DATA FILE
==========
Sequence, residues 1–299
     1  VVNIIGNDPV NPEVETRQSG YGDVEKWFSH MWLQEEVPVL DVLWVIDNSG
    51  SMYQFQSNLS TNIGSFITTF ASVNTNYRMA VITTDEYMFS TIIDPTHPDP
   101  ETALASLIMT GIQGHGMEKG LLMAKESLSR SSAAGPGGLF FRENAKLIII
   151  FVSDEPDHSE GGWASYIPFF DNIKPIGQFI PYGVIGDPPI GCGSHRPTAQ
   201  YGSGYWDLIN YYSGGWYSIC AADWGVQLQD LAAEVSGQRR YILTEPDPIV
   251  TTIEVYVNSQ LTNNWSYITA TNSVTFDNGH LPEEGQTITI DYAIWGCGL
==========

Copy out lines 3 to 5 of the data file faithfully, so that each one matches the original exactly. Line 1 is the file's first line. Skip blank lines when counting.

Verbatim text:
    51  SMYQFQSNLS TNIGSFITTF ASVNTNYRMA VITTDEYMFS TIIDPTHPDP
   101  ETALASLIMT GIQGHGMEKG LLMAKESLSR SSAAGPGGLF FRENAKLIII
   151  FVSDEPDHSE GGWASYIPFF DNIKPIGQFI PYGVIGDPPI GCGSHRPTAQ